“Or, I was testing you.” This time she fought with precision, bringing an elbow to his face as he raised his other hand to block. The distraction caused him to loosen his grip, and she was able to twist the arm that he held, reversing the hold. She shoved him toward the stone wall. He had enough time to brace himself and soften the impact so that he wasn’t rendered unconscious, but he still hit hard enough to have the wind knocked out of him. She swept her foot beneath his, knocking him to the ground with a soft thud and loud splash. Taking advantage of his stunned state, she quickly searched his pockets for clues on his person. Then she used zip-ties to bind his wrists. By the time he was fully aware again, she had him propped against the wall with a tazer pressed into his neck.
“Teleportation spells are not offensive spells and not worth killing over.” She squatted over him, her feet straddling his legs. “And before you argue that you could have teleported inside me, remember that I know tearing your way out of a muscle and bones is not easy and is often fatal. That’s if you could manage to keep our collective cells from mingling and killing us both immediately.”
The man smiled at her. It was a strange sincere smile that showed perfect white teeth. If he’d hadn’t been an entrope, she’d have found his smile distractingly charming. “You are impressive.” He didn’t bother to hide the amusement in his voice as he leaned against the wall. “But, you’ve got the wrong guy.”
Magylie smiled back at him, or rather bared her teeth. “You thought I wouldn’t be able to sense that it wasn’t you that raped the girl? Wrong. But, I do recognize the signature of your cast. You covered up the tracks of a rapist and altered the emotional state of at least twenty people in order to do it.” He didn’t say anything, or attempt to break free, just sat on the floor smiling proudly at her. “Ooh, ah, such an impressive show of power. Does that help stroke your ego?”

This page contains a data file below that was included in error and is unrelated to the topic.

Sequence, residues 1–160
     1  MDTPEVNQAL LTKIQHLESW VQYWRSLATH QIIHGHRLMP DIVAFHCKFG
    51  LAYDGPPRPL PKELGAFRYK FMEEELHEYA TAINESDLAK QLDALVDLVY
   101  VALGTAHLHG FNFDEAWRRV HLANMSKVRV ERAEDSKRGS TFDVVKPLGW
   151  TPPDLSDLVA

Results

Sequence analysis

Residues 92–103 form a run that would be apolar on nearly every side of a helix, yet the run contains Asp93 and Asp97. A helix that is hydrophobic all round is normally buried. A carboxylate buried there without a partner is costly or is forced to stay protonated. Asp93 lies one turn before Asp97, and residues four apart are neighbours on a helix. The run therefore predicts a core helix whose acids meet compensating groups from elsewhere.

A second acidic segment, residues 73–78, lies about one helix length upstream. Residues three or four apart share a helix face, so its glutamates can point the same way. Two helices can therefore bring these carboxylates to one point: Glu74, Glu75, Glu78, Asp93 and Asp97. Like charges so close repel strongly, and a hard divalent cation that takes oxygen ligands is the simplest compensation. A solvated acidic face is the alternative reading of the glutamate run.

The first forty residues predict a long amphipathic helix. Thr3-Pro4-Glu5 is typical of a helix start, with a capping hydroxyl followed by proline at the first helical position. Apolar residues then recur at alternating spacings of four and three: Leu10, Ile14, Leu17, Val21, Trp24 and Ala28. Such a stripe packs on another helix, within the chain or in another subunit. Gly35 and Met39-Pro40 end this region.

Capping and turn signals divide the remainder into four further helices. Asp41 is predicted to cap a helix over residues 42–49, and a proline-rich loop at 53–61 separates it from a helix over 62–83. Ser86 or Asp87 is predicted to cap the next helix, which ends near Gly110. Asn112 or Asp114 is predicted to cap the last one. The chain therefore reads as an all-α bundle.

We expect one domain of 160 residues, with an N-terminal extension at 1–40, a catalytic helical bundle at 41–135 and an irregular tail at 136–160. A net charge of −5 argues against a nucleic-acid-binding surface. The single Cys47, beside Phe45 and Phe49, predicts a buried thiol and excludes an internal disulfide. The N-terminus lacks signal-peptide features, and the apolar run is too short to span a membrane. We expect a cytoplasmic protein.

“Well, if you’re into stroking things…”
“It won’t work. I don’t get scared, I don’t have delicate sensibilities, and very little surprises me. Cut the high school charm and tell me where to find the guy that created that wreck of a human upstairs.”
Magylie looked at him, narrowing her eyes. “I’m not stupid either.” She pressed the tazer harder against his skin. “That was too eas…”
“That’s my name. I just thought if you knew mine you’d tell me yours.”
Magylie felt a smile tug at the corners of her mouth for a split second. “Magylie, Magylie Landen,” she said carefully then waited. She didn’t have to wait long to see the look of recognition then surprise cross his features.
“Brighton Landen’s daughter?” He asked sounding incredulous.
“Funny I get that a lot.” She retorted before getting so close to his face she could feel the heat of his skin. She pressed harder with the tazer pushing deeper into his neck, probably breaking his skin with the metal prongs, and grabbed a fistful of silken hair. “Funny how every last entrope I’ve encountered knows who he is. But that didn’t stop a caster just like you from killing him. And, none of you seem to know he had a daughter.”
“I knew Brighton had a daughter. I just didn’t know what happened to her… you.” He looked up at her with a strange look and sadness touching his hazel eyes. “Whose side are you on?”
Magylie shoved his head back hard and was satisfied with the thud it made from hitting against the stone wall. “I’m on Dawn’s. That’s the woman upstairs in a hospital bed fighting for her life. She’s the one that was raped while her maro was drained. Not enough to kill her, but enough to leave her withered. Because torture is more fun than killing for an entrope.” Shifting her weight, she drew away from him. His proximity was making her uncomfortable. The fact that that had never happened before compounded the issue. “Are we done playing games?”
“I thought we were having fun.” Nolan said before smiling at her again. The next cast was so quick she didn’t have time to pull the trigger on the tazer. He was gone in an instant, leaving behind the zip-ties that held his wrist. “Besides,” he said from behind her. Magylie stood and turned to find him casually leaning against the handrail. “I never said I was done testing you, Inquisitor Landan. I will warn you though”-his face hardened- “this magic show isn’t for P.G. audiences. Go back to where you came from.”
His arrogance irritated her, but then he had a right to be arrogant. She’d missed something significant. Water was a universal element. Too much of it and it would act as an insulator to an entrope, but the right amount of water and it was an unparalleled conductor. When she re-wrote his barrier cast into a harmless waterfall, he’d used that water against her by hiding a teleportation cast within it. He merely had to be in contact with the water to utilize the cast, and the stairwell was soaked. He wasn’t testing her; he was toying with her.
Magylie smiled, earnestly appreciating his skill. “Clever.”
He saw the smile for what it was, not just appreciation for his skill, but a challenge. “Fine,” he hissed then stood up with quick jerky movements. “Challenge accepted, Inquisitor.” He smiled at her again, only it was an ugly smile that was at odds with his handsome features. “I can’t wait until the next time you stroke my ego, Magylie Landon.” With a nominal build in power, he disappeared, leaving b